Rwanda president 'ringing an alarm bell' on Darfur

By Michelle Nichols

NEW YORK, May 2 (Reuters) - African Union troops struggling to combat violence in Sudan's Darfur region are only putting less than a third of their capacity to good use due to a lack resources, Rwandan President Paul Kagame said on Wednesday.

In an interview with Reuters, Kagame expressed frustration at the four-year-old conflict and said he was "ringing an alarm bell" for the world by threatening to withdraw Rwanda's 2,000 peacekeepers from the African Union force of some 7,000 troops in Darfur.

"What is the purpose of having them there just to sit in the sun and not do what they are expected to do, to support the people in Darfur that are suffering," Kagame said after giving a surprise lecture to a history class at Baruch College in New York City as part of a mtvU's "Stand-In" television program.

"It is ringing an alarm bell, things are not good and the international community needs to act and if not there is no purpose to us being there," said Kagame, who has been president of the genocide-scarred Rwanda since 2000.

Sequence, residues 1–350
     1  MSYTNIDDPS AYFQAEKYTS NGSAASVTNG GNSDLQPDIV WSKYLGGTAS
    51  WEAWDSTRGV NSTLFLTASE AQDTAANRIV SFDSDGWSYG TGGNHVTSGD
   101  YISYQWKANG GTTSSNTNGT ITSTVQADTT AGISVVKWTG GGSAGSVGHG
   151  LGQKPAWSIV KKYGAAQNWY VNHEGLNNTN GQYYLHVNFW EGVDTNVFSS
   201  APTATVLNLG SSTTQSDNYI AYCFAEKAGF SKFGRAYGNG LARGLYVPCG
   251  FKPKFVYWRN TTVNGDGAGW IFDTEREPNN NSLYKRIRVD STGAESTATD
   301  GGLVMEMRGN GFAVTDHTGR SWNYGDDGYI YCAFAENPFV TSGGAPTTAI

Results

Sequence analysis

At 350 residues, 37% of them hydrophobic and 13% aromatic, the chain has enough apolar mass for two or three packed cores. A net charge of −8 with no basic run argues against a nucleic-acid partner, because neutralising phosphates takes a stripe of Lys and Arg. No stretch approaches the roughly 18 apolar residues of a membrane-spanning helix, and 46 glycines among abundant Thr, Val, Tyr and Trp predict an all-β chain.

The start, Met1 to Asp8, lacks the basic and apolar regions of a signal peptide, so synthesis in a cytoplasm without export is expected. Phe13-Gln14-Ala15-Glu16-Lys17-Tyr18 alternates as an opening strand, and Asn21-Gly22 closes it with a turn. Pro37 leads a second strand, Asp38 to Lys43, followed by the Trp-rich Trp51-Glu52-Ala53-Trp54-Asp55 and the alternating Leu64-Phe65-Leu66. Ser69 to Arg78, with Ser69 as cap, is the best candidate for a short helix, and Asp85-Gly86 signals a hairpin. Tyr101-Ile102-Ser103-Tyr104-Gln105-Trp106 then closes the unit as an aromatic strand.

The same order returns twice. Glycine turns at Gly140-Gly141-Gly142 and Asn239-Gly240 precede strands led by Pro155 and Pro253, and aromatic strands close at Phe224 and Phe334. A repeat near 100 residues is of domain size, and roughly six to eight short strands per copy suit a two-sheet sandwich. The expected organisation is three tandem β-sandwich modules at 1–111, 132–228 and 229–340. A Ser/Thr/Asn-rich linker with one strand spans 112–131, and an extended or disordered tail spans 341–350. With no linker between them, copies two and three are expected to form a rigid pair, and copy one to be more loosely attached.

He would not set a deadline for a possible pullout of Rwanda's troops from Darfur, which he has been threatening since March.

Kagame led the Rwandan Patriotic Front, a mostly ethnic Tutsi rebel group that toppled the Hutu regime in Rwanda that was largely responsible for the country's 1994 genocide in which 800,000 Tutsis and moderate Hutus were slaughtered.

At least 200,000 people have been killed and more than 2.3 million made homeless in the Darfur conflict among African rebel groups, the Arab-dominated government and militia who back. The United States calls it a genocide.

African Union troops were sent to the western Sudanese region in 2004.

"We put the persons on the ground, the persons are there, but their capacities are not being fully realized," Kagame said. "Probably 30 percent of their capacities are being put to good use, the other 70 percent would be realized if they are given the right tools at the right time to be able to carry out their work. This has not happened."

The U.N. Security Council last year adopted a resolution to deploy a "hybrid" U.N.-African Union force of more than 20,000 in Darfur, but Sudan's President Omar Hassan al-Bashir has only agreed to the deployment of 3,000 U.N. police and military personnel to aid the African Union force.

Kagame said Khartoum was not solely to blame for the delay in reinforcements and resources for the force.

"There are three components -- the U.N. the AU and the government of Sudan. These three are to blame for the situation," he said. "They need to get together and find a solution."


Reuters - Thomson Reuters Foundation
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